Social media messages in which a defendant had said that she might stab her boyfriend when stressed or angry had been correctly admitted as evidence that might assist the jury in determining whether the boyfriend’s later death as a result of a knife in the heart had been an accident or a stabbing by the defendant with the necessary intent.
A judge had erred in refusing a submission of no case to answer in a murder trial, as the possibility that the victim’s death was an accident could not safely be excluded.
The failure to produce a defendant in court because of an error in the administrative process was capable of amounting to an “accident” within the meaning of the Magistrates’ Courts Act 1980 s.129(1), so as to entitle magistrates to exercise their discretion and remand her in custody in her absence.
Where the offender’s defence to a charge of murder was one of accident and the jury had been directed that they could only convict if they were sure that she had acted deliberately and in a pre-planned way, there was no room for a verdict of manslaughter or any consideration of provocation. It was either murder or nothing.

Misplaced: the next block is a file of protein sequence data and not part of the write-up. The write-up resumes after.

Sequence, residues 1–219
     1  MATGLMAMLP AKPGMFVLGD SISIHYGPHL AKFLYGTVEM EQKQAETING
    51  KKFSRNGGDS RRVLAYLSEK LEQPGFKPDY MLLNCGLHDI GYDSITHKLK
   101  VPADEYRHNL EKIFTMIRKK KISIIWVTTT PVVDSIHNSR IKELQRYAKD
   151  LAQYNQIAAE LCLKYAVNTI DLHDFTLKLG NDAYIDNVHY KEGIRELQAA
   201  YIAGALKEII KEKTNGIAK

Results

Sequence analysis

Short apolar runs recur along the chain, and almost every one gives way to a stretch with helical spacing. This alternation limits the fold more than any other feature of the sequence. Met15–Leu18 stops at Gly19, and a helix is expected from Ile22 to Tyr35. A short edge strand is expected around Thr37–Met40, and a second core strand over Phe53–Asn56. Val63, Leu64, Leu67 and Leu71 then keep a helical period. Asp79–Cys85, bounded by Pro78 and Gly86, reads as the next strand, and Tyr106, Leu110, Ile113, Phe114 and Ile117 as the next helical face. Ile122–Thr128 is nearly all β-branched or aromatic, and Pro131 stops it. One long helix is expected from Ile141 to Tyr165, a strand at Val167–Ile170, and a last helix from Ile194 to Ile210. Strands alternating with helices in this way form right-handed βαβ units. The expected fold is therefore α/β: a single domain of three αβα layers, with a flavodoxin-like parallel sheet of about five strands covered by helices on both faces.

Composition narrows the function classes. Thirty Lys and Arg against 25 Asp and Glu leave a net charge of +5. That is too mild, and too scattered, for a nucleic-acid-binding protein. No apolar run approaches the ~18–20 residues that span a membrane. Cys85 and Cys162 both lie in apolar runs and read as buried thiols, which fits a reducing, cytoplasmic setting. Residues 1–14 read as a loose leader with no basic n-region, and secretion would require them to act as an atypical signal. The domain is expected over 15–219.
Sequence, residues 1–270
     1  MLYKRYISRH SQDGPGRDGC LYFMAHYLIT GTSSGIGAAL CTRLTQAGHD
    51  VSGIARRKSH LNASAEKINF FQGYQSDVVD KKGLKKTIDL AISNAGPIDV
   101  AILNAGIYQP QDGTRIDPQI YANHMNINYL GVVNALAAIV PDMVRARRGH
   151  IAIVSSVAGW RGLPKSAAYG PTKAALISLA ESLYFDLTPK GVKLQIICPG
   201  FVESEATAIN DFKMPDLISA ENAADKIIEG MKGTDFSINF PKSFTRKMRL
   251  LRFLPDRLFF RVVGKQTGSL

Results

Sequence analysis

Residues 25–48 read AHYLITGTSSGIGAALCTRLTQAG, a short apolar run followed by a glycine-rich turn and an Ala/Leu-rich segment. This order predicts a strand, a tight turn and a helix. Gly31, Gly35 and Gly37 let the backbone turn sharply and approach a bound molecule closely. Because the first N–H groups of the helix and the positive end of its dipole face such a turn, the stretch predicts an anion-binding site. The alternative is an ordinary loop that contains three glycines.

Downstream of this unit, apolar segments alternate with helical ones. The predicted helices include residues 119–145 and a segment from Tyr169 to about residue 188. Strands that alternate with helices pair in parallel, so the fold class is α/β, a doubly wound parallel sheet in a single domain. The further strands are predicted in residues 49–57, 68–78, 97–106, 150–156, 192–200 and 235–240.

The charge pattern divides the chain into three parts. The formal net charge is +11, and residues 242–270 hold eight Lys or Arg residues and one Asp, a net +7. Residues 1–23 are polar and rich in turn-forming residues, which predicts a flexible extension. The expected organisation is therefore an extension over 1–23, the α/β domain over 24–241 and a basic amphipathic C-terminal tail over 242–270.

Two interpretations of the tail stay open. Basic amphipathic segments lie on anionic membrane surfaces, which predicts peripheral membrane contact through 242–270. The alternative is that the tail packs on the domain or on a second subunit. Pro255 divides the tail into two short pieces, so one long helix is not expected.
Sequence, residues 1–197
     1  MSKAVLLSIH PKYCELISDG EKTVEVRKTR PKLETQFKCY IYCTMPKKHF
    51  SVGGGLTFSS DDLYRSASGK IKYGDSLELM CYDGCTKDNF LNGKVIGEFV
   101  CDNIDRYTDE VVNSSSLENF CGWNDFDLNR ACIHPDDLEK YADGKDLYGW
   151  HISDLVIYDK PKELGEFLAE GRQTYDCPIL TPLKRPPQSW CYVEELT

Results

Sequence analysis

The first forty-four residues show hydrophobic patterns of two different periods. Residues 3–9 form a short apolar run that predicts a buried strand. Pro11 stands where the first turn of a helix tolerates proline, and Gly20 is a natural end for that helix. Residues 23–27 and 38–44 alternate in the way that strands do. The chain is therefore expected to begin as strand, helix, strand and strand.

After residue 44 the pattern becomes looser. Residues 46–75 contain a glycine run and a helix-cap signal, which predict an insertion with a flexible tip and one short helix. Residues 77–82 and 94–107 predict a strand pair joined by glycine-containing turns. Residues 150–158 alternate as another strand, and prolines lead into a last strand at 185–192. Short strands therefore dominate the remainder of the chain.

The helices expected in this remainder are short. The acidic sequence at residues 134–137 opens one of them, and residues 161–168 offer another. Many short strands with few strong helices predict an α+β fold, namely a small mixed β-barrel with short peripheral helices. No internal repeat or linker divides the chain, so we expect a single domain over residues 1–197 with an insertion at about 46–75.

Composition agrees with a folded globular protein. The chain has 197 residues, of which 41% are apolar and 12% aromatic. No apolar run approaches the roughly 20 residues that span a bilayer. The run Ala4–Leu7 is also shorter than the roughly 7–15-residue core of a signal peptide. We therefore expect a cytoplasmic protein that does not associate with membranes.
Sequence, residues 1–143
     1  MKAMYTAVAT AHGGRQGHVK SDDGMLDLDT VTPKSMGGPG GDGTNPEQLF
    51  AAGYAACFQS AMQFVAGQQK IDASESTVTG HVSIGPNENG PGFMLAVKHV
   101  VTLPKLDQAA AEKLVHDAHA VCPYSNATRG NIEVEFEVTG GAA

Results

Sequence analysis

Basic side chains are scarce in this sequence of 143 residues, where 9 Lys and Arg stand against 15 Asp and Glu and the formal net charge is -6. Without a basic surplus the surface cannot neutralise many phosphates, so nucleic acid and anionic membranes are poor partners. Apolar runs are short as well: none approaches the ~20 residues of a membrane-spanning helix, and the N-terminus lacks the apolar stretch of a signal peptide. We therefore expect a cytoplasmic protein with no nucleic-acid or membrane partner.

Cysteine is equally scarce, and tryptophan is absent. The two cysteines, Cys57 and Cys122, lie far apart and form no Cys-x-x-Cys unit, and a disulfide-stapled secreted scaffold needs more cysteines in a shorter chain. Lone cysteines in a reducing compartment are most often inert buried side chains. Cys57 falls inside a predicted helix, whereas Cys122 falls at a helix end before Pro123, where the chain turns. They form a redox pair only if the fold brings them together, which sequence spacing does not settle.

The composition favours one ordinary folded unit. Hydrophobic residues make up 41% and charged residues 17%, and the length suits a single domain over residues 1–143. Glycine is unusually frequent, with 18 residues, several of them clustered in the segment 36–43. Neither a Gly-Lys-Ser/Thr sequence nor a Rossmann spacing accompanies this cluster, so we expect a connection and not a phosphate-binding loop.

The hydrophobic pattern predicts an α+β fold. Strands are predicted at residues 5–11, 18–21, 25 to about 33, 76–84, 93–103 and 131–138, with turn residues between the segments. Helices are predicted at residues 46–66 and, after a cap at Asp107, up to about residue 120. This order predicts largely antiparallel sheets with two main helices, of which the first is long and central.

Applications for leave to appeal against convictions for murder, based on fresh evidence and a complaint that the legal advisers had failed to conduct the defence properly by not advancing the defence of diminished responsibility, were refused, as the fresh evidence did not undermine the Crown’s case and it was not appropriate, in the circumstances, to allow the issue of diminished responsibility to be argued on appeal.